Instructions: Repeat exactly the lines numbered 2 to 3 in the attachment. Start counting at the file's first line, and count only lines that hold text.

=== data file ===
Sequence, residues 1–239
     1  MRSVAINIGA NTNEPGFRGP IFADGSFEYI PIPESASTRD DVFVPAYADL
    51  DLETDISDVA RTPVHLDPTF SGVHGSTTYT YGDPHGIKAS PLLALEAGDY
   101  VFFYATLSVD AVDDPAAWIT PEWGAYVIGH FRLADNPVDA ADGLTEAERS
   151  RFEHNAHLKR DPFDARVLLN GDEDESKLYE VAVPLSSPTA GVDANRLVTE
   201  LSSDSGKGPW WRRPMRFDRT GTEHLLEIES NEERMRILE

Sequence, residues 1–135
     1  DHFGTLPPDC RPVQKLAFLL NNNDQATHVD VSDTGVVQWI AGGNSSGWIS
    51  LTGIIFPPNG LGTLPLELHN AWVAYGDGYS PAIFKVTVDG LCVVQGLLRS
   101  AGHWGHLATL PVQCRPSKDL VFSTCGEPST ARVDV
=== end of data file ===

     1  MRSVAINIGA NTNEPGFRGP IFADGSFEYI PIPESASTRD DVFVPAYADL
    51  DLETDISDVA RTPVHLDPTF SGVHGSTTYT YGDPHGIKAS PLLALEAGDY